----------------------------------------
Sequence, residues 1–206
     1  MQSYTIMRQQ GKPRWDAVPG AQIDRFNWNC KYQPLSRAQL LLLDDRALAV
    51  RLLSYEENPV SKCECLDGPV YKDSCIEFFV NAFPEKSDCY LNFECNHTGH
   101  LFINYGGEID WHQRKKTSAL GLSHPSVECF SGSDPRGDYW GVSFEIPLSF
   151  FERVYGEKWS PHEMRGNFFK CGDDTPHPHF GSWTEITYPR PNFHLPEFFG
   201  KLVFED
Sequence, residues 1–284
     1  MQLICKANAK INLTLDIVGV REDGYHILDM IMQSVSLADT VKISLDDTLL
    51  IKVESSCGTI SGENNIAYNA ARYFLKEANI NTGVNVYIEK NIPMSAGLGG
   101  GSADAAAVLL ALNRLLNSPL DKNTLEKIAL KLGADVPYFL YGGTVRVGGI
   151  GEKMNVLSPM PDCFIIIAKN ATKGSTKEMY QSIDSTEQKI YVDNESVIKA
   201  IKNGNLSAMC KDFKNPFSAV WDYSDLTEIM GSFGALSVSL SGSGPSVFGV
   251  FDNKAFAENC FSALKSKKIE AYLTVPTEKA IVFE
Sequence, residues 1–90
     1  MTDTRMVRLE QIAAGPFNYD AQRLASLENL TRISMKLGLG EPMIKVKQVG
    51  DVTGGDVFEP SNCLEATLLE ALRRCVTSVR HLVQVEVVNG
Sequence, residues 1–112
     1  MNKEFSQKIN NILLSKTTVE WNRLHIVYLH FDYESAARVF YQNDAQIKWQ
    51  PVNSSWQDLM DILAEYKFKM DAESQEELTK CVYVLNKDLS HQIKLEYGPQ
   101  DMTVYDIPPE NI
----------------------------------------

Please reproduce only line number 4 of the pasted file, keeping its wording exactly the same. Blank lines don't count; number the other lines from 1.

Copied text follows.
   101  LFINYGGEID WHQRKKTSAL GLSHPSVECF SGSDPRGDYW GVSFEIPLSF